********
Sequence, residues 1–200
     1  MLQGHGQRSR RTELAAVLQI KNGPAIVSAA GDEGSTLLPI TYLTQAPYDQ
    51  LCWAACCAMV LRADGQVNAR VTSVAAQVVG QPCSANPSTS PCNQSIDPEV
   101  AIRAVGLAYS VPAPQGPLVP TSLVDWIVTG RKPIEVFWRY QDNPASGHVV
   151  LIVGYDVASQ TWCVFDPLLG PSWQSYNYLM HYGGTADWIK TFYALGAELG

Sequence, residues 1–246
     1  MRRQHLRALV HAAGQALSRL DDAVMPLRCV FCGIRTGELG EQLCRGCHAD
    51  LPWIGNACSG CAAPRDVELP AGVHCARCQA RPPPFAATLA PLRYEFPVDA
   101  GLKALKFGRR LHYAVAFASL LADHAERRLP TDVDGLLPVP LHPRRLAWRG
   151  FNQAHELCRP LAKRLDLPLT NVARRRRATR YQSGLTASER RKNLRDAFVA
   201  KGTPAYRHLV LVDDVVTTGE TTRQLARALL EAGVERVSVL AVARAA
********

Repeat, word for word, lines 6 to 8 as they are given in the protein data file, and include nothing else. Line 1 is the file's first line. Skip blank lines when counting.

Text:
Sequence, residues 1–246
     1  MRRQHLRALV HAAGQALSRL DDAVMPLRCV FCGIRTGELG EQLCRGCHAD
    51  LPWIGNACSG CAAPRDVELP AGVHCARCQA RPPPFAATLA PLRYEFPVDA